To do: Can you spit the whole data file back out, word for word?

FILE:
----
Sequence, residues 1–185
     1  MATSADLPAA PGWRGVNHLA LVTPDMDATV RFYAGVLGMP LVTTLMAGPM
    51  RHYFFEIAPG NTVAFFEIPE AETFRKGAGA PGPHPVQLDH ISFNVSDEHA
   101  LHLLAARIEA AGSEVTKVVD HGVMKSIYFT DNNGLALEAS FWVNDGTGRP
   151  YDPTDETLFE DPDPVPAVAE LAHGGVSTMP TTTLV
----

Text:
Sequence, residues 1–185
     1  MATSADLPAA PGWRGVNHLA LVTPDMDATV RFYAGVLGMP LVTTLMAGPM
    51  RHYFFEIAPG NTVAFFEIPE AETFRKGAGA PGPHPVQLDH ISFNVSDEHA
   101  LHLLAARIEA AGSEVTKVVD HGVMKSIYFT DNNGLALEAS FWVNDGTGRP
   151  YDPTDETLFE DPDPVPAVAE LAHGGVSTMP TTTLV